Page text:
U.S. Supreme Court HULSECAMP v. TEEL, 2 U.S. 358 (1796)
2 U.S. 358 (Dall.)
Circuit Court, Pennsylvania District
April Term, 1796
This was an action for an Assault and Battery committed on the High Seas, and the damages were laid in the declaration at 1000 dollars; but the controversy being referred, the referees reported only 45 dollars in favor of the plaintiff. In April term 1795, M. Levy, for the defendant, obtained a rule to shew cause, why the report of the referees should not be quashed, and the action dismissed: And the question was now argued by him on the one side, and by Rawle upon the other.
In support of the rule, Levy, having adverted to the 3rd Article of the Constitution of the United States, as the foundation of the Judicial authority, contended, that by the 11th section of the Judicial act, which establishes the jurisdiction of the Circuit Court, no suit could be there instituted and maintained, unless the plaintiff was entitled to recover, and actually recovered, a sum exceeding 500 dollars, exclusive of costs. He drew a similar inference from the provision in the 12th section of the Act, which requires that suits removed into the Circuit Court from a State Court, should be of the same value; and he distinguished between actions for tort, and actions upon contract, in order more forcibly to exclude the cognizance of the Court in the former, than in the latter, instances. The 20th section, empowering the Court to adjudge the plaintiff to pay costs, was manifestly designed, in that respect, to give a jurisdiction, which the Court would not, otherwise, possess on account of the general limitation of jurisdiction, as to the sum or matter in dispute: And in the provision, that the District Court shall have jurisdiction of offences where the fine does not exceed 100 dollars, it is evident, that the jurisdiction cannot be ascertained 'till the Judge is about to pronounce sentence.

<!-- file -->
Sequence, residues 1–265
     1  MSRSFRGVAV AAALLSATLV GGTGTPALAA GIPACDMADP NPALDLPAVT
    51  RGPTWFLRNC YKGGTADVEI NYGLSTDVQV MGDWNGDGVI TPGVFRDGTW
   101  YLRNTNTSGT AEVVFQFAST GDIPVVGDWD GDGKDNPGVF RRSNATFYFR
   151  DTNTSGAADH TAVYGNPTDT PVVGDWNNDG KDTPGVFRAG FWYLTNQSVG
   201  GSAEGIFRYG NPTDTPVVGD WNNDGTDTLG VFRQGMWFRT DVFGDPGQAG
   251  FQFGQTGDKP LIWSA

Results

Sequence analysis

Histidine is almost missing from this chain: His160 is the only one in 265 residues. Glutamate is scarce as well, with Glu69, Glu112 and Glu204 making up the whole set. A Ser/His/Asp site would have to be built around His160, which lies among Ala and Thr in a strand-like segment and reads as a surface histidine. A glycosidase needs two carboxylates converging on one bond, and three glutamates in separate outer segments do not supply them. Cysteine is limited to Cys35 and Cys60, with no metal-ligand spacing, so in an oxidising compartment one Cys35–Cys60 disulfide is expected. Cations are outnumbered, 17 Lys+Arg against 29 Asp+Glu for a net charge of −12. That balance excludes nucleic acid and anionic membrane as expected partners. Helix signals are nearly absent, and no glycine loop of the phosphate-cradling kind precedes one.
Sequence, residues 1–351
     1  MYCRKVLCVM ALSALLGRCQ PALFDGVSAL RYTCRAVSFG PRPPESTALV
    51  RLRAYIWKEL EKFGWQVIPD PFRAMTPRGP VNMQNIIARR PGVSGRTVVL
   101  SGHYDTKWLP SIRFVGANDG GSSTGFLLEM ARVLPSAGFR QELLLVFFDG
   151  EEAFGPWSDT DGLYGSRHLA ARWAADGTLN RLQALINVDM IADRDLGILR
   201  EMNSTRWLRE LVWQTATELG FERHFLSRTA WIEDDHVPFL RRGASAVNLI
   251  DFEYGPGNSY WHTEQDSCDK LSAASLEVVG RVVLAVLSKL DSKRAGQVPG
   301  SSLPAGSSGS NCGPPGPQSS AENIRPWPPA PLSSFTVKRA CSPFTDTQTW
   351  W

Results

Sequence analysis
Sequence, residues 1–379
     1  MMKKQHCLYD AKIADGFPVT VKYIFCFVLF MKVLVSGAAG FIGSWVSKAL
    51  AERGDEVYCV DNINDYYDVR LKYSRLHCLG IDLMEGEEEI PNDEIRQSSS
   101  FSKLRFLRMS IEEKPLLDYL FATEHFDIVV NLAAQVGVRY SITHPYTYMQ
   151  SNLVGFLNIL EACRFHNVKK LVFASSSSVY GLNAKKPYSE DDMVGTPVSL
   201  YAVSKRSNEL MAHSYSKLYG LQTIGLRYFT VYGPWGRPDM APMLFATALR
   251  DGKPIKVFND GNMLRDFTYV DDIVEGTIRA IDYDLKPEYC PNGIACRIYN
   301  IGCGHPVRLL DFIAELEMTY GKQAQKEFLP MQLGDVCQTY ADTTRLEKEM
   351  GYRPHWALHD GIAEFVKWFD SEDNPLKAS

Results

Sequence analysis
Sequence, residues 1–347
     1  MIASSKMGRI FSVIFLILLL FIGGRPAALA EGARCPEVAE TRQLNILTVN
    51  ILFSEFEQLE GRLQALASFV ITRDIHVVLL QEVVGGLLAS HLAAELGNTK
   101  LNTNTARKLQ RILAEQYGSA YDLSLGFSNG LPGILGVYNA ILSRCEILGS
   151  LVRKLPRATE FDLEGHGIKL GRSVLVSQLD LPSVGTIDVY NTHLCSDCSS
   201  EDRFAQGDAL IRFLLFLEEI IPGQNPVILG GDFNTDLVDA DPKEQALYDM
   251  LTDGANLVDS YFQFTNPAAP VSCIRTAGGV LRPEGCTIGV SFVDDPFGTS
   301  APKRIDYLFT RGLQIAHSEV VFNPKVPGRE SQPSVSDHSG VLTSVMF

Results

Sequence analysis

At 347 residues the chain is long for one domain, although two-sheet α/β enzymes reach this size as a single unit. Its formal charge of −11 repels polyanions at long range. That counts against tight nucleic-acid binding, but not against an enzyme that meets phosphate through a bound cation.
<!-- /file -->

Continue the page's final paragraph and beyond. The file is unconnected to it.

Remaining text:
Rawle, in opposing the rule, observed that the act of Congress did not recognize any distinction between actions for tort, and actions upon contract; but barely required that the matter in dispute should exceed the sum, or value, of 500 dollars, exclusive of costs; and the language is the same in the 9th section, in
relation to the jurisdiction of the District Court in suits brought by the United States. The very provision, indeed, which authorises the Court, in the 20th section to adjudge that the plaintiff shall pay costs, where less than the sum of 500 dollars is recovered, shews clearly that the jurisdiction was intended to be vested, if the matter in dispute, as stated in the declaration, exceeds the specified amount, though a jury, or referees, should not give so much. The matter in dispute in this cause was an aggravated personal injury, which might have endangered the plaintiff's life, and certainly would have justified heavier damages.
The Judges, though they delivered their opinions separately, concurred in the following positions, as the ground of decision.